Creating the exhibition Swedish Modern Design, on display at Cleveland Museum of Art, Case Western Reserve University students trace the influence of Swedish interior design from the 1920s to today
Stepping inside a middle-class home in Sweden 60 years ago would probably look and feel a little familiar.
From colorful nature-inspired wallpaper, to the comfortable furnishings and other affordable décor, these long-ago living spaces still impart an outsized influence on our interiors today.
“Call it the IKEA effect,” said Julia LaPlaca, a 2019 MA graduate in art history and art at Case Western Reserve University. “These mid-century domestic goods were among the very first to show how a home could be cozy and beautiful—and accessible to common people.”
Capturing the past-is-prologue phenomenon of the era was the charge for a small cohort of university graduate students, who proposed and designed Color and Comfort: Swedish Modern Design, now on display at the Cleveland Museum of Art (CMA).
Owing its origins to designs inspired by life in pre-World War II Austria and Scandinavia, the Swedish modern aesthetic—playful, whimsical, welcoming and enchanting—is undergoing a revival of popularity and has inspired an entire industry of contemporary furnishings.
“[These designs] uplifted and brightened an otherwise spartan existence that prevailed during both the economic depression of the 1930s and the lean postwar decades,” the students wrote, in describing the exhibition.
While the students were invited during their first semester on campus—fall 2017—to propose a show for the CMA’s dedicated textile gallery, there was no guarantee it was their space to fill.
Homing in on the CMA’s bevy of Swedish modern textiles and goods, the students drew on one of the most complete collections of its kind known in a United States museum. Still, the objects had largely remained in storage for decades.
Now, the students are being credited with giving them new life.
Embarking on understanding another material culture
Entirely outside of class work and degree requirements, the cohort proposed an ambitious exhibition that included not only textiles, but furniture, glass and ceramics by significant Swedish designers and artisans from the era—all while keeping in mind that, on average, fewer than 10 seconds are spent looking at an artwork in museums.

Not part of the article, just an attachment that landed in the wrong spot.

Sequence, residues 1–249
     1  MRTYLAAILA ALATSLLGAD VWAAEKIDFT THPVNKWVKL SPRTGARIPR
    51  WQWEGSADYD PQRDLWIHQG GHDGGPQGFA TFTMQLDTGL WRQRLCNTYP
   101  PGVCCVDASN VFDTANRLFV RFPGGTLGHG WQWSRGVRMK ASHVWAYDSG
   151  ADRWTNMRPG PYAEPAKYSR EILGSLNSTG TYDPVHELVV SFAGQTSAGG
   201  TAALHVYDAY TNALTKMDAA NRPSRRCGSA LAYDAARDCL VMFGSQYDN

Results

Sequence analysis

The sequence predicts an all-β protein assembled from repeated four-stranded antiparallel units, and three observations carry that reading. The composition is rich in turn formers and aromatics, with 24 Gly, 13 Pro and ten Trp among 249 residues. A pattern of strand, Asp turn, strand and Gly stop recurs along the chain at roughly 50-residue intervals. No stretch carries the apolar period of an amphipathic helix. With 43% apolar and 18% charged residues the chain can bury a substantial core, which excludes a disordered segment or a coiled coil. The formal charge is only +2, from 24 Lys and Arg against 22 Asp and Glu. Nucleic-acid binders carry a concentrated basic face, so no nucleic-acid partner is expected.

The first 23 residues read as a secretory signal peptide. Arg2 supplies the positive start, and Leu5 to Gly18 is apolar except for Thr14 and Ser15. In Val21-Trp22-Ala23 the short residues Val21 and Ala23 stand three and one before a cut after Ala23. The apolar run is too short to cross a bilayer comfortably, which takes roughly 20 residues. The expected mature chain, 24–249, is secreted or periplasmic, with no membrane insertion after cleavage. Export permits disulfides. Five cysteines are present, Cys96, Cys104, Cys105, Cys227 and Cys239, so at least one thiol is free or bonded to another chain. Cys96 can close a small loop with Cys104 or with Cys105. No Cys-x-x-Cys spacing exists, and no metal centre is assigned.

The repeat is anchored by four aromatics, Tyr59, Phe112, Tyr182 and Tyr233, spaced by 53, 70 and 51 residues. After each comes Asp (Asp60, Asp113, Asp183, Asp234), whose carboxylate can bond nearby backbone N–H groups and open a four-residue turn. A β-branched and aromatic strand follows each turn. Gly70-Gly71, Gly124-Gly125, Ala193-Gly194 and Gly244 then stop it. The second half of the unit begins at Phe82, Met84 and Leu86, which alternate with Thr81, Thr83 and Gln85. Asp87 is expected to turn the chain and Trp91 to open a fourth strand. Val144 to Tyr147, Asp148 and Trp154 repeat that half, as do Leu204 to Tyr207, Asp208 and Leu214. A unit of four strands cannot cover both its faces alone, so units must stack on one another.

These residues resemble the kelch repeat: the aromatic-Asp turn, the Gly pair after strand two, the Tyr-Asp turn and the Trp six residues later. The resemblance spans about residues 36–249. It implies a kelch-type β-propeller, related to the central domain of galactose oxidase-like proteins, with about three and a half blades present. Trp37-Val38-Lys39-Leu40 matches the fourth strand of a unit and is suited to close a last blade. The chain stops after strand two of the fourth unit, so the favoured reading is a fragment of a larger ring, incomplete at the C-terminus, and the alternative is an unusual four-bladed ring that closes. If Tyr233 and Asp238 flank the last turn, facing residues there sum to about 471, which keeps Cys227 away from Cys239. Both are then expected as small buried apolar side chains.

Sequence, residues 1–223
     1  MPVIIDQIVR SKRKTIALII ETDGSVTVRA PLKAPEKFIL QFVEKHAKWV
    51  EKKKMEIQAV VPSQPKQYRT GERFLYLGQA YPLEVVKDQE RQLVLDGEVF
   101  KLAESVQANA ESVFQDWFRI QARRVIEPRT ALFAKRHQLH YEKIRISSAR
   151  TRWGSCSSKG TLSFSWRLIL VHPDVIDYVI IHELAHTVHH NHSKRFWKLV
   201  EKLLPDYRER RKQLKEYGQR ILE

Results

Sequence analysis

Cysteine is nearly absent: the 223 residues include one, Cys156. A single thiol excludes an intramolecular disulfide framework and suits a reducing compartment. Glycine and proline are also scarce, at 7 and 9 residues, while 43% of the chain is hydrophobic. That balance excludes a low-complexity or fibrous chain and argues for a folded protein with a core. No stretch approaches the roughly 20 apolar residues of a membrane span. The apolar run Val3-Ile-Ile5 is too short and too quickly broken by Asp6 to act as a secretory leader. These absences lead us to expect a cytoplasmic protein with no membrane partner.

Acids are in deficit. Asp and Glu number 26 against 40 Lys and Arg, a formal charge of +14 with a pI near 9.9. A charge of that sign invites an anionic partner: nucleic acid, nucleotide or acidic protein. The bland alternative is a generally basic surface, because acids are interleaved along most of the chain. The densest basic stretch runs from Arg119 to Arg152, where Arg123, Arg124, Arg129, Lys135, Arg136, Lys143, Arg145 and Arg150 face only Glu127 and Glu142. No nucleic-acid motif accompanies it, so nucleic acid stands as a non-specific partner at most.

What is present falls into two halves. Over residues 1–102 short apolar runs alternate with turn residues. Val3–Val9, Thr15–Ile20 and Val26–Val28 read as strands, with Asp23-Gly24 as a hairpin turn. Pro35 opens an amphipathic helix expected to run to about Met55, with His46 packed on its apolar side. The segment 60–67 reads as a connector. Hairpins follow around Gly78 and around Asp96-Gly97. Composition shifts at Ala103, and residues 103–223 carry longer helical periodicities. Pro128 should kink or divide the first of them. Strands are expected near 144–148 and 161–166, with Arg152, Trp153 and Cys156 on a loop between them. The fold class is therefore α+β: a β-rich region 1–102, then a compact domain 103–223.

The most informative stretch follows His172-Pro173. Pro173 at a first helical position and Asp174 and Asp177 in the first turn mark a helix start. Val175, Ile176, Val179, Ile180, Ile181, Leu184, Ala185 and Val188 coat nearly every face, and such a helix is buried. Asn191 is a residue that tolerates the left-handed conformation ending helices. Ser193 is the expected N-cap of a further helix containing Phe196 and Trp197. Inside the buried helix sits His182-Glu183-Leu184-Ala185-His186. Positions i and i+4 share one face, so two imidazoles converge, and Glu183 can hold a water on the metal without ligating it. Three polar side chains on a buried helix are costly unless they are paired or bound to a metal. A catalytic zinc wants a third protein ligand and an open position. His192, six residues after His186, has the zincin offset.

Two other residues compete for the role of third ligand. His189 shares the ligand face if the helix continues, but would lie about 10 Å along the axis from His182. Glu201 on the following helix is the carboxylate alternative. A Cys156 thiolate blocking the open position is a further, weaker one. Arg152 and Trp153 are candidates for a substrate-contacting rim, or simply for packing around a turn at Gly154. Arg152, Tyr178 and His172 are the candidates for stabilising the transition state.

“It’s extremely rare to have master’s students propose and design an entire exhibition while still in graduate school—let alone to see the fruits of their labor,” said Holly Witchey, an adjunct professor in the Department of Art History and Art in the College of Arts and Sciences at Case Western Reserve. “It’s a testament to their work that professional curators chose their ideas.”
Opting to display textiles in ways similar to how artworks are presented in galleries, students invited visitors to see the salvage edge of the cloths, which feature the name of their designers—similar to a painter’s signature. The decision was intended to lend the pieces more gravitas, as they were divorced from their practical uses as coverings for furniture or curtains.
“From the beginning, you’re always thinking about the visitor, and we saw just how conscious every decision has to be,” said Kate Hublou, of Appleton, Wisconsin. “We tried to communicate complexity and nuance, while also presenting information palatable for most visitors—and anticipating the different relationships audiences would have with the objects.”
While some of the earliest objects chosen for the exhibition were handmade, most of the goods were mass-produced through newer manufacturing practices and thus, affordable and widely available for the commoner.
This fact fit (and was driven by) the ethos of one of the era’s most prolific and visionary designers, Josef Frank; he believed in deeply practical, cost-effective décor with sleek lines and organic, natural patterns that stressed simplicity over overstimulation.
“Design is inherently filled with a culture’s value system,” said Hannah Hilditch, from White Lake, Michigan. “When you enter any sort of room, the designer’s material culture is on display providing social context.”
On display until February 2020 in the CMA’s Arlene M. and Arthur S. Holden Textile Gallery (Gallery 234), the exhibition highlights a unique partnership of two world-class institutions that have been University Circle neighbors for more than a century.
“We hope our experience serves as model going forward for future students,” said Lauren Lovings-Gomez, from Houston. “Museums are special places of cultural engagement, and it’s a real privilege to be trusted to embark on trying to understand another material culture.”
Stephen Harrison, the CMA’s curator of decorative art and design, served as lead curator of the exhibition, with assistance from Robin Hanson, associate conservator of textiles. CWRU master’s students Tori Laser, Jacob Emmett and Tom Martis also contributed to Swedish Modern Design.
For more information, contact Daniel Robison email@example.com.